Since this picks up on a point I made in the Evidence section of this site, and in the book, we decided to pursue it.  In 1992, a report from the University of Iowa looking at different quit methods put the success rate of willpower alone at 6%.  By that standard, “Four times more likely to succeed” would imply that around 24% of smokers using the NHS Smoking Cessation Services would successfully stop smoking, and not just temporarily!

The Bogus Short-Term ‘Success’ Rates

For years, the Department of Health and the NHS have been using a system for measuring success which is frankly laughable – or it would be, if they weren’t using it to justify giving vast sums of taxpayers’ money to the drug companies for Nicotine Replacement Poisoning. If you attend those NHS services, and report not smoking for a period of only four weeks, they will chalk you up as an official success!  This has led to ludicrously high ‘success’ rates being reported and published by the DoH and the NHS as if they were the real story: the document I’ve reproduced on this site dated 9/7/04 credits Kent and Medway SHA with 72% success and South West Kent PCT at 90%!  I accused the Department of Stealth of seriously misleading the public about the effectiveness of those services by doing this, and I stand by that accusation.  Not even a smoking cessation wizard such as myself would claim a 90% success rate, not unless you are screening some clients out before you start!  For the NHS to claim such success rates is preposterous, those people aren’t even therapists, they are merely advisers, counsellors if you like.  Everyone knows they don’t have a success rate of anything like that magnitude.  But does everyone know how truly useless they are?

The Real, Long-Term Quit Rates and The Missing Report

The 2004 document I mentioned above also summarises the ‘findings’ of the one and only DoH-commissioned report into the long-term effectiveness of the NHS Stop Smoking Services.  The study was done by Glasgow University and looked at the outcomes at 52 weeks.  It was originally published in the journal Addiction – where smokers and taxpayers were bound to see it, obviously – and since then it seems to have disappeared without a trace.  Although the document I have reproduced suggests that it can be found by following a link at the end of the article, in fact there is no such link.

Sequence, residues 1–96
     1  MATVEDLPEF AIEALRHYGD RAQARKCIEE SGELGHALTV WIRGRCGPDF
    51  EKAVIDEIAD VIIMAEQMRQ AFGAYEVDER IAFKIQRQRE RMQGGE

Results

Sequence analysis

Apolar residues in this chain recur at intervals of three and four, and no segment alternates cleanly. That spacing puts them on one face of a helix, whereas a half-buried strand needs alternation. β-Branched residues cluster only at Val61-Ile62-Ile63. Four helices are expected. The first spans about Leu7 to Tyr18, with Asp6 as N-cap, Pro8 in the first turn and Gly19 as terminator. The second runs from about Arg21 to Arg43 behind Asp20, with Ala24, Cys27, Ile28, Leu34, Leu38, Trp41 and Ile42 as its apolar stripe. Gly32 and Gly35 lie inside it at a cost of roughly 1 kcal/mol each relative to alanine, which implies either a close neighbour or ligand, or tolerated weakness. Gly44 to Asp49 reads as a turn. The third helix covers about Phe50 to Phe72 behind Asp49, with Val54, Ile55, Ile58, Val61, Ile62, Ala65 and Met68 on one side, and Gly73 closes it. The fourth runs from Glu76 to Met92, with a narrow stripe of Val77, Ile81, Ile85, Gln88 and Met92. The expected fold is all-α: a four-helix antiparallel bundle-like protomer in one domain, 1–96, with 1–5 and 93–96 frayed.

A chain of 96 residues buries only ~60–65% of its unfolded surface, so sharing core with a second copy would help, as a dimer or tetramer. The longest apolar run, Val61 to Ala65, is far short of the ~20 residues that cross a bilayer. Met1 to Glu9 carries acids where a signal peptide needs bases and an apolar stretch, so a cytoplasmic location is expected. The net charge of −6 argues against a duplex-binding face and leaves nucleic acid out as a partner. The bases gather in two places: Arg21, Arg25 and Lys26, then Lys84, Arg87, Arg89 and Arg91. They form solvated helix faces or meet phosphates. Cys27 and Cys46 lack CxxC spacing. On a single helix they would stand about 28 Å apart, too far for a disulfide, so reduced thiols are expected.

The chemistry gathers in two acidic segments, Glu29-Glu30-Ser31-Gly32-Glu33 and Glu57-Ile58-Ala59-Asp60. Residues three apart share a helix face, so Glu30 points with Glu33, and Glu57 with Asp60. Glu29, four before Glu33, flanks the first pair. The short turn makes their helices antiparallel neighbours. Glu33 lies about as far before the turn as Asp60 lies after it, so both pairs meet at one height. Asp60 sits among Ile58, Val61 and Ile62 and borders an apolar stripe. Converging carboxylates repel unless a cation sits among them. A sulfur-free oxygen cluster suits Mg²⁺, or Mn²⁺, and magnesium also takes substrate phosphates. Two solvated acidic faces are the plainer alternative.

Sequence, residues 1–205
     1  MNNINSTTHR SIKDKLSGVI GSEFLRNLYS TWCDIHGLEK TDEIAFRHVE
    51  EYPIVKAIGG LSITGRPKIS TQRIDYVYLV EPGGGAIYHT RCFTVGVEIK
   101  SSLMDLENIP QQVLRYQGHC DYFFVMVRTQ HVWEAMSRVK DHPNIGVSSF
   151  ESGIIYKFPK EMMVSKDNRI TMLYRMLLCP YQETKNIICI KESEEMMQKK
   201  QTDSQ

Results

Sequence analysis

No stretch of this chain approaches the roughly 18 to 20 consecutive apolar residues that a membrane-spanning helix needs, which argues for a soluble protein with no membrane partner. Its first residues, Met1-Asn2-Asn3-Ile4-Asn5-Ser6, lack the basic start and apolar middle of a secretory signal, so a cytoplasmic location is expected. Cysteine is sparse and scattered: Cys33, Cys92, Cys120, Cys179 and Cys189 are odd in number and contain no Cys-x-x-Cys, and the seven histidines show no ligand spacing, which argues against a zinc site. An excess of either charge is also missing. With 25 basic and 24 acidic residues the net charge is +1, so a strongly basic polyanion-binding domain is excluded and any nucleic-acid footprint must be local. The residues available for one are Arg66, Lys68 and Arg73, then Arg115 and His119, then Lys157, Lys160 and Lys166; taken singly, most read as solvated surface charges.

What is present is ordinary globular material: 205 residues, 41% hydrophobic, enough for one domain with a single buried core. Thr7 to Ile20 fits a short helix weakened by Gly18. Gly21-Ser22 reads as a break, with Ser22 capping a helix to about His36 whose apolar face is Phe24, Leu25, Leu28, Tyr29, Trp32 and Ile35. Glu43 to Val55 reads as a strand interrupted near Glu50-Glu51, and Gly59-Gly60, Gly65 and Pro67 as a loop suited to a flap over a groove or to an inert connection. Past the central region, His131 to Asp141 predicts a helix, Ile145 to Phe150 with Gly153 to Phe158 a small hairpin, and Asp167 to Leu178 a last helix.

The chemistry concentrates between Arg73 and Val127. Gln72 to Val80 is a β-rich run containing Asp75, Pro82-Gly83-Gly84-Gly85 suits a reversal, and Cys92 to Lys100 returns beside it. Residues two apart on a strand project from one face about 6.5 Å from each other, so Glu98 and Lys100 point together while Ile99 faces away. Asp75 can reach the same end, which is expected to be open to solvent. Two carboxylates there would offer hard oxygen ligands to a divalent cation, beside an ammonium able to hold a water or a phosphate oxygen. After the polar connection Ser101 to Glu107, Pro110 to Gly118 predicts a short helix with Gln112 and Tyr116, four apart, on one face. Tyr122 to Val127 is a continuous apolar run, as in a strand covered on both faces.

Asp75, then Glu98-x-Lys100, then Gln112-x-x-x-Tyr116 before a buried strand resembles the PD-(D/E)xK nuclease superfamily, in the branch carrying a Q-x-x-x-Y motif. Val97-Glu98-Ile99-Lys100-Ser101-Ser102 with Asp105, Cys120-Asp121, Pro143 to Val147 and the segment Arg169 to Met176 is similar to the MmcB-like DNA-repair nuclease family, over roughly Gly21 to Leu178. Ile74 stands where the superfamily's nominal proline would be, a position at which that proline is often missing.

In the DoH summary, it is claimed that “15% remain quit at 52 weeks”, which sounds like a 15% success rate, doesn’t it? Yet in the book I quote a number of independent studies which find that the real outcomes of smokers using Nicotine Replacement products is somewhere between 5% and 8%.  On this site and in the book I point to the word “remain” as the suspicious factor here.

Across the U.K., the short-term NHS quit rate (based on self-report at four weeks) averages out at 55%.  So if you take 15% of those people – not 15% of the total treated – you get back to the equivalent of 8% long-term quitters for the entire number of smokers using the NHS Service.  But 8% doesn’t sound very good, does it?  Especially if willpower achieves 6% anyway!  It begins to look like abject failure and a colossal waste of taxpayers’ money, doesn’t it?  Just like I said in the book, in fact.

So I’ve raised the question: Have the Department of Health sneakily used the term: “15% remain quit” to suggest 15% of the people using the services, when it really means only 15% of those who reported success at  four weeks, which is only 8% in reality?

We have decided to find out for sure.  Belinda got on to the Department of Health and asked them why there was no link to this crucial report on their website, and could they kindly send us a copy of it?  She also advised them that she was trying to ascertain whether or not it was true that smokers are four times more likely to quit with the NHS.  On 3rd February she received an email from Barry Davis at the DoH, apologising for the fact that the link was not on their website and promising to get that corrected.  Then he added that he had provided the link in the attachment to the email.

Hang on, though! There was no attachment!

So Belinda got back to him again, explaining that there was no attachment.  “Oh silly me,” said Barry, or words to that effect, “here is a copy of the document you requested.  Hope everything is now okay”.   So she read it, but it didn’t seem to say anything about long-term quit rates.  She asked Barry about that, and forwarded a copy to me.  I read it carefully.

It was the wrong report entirely!

So Belinda has pointed out to Barry that this report, lovely though it is, plainly says nothing about the long-term results of the NHS Stop Smoking Services, the very thing we were asking about in fact.  So as soon as we hear from Barry again, we shall let you know whether this is incompetence (which is bad) or a cover-up at the expense of taxpayers’ millions and smokers’ lives. Truth Will Out, won’t it?  We’ll make sure of it, actually.  Watch this space.

(Just want to quit smoking? Click here.)

Rave Reviews for The Book!

“Highly recommended and possibly one day the book that will be regarded as the seminal tome for examining the smoking habit for what it really is.”

“The real truth behind Nicotine, and the NRT industry is here. Whether you’re attempting to quit smoking, or are just interested in the topic, this will open your eyes. Brilliant.”

These are direct quotes from two reviews of Nicotine: The Drug That Never Was, posted on Amazon.co.uk recently.  I don’t know either of these people, so you can imagine how delighted I am to hear my work spoken of in such terms.  The top quote is – according to Amazon – from a guy in Brisbane, Australia.  It’s a wonderful enough thought that someone on the other side of the world even has a copy of my book, let alone thinks it could become “the seminal tome” where smoking is concerned… heady stuff, eh?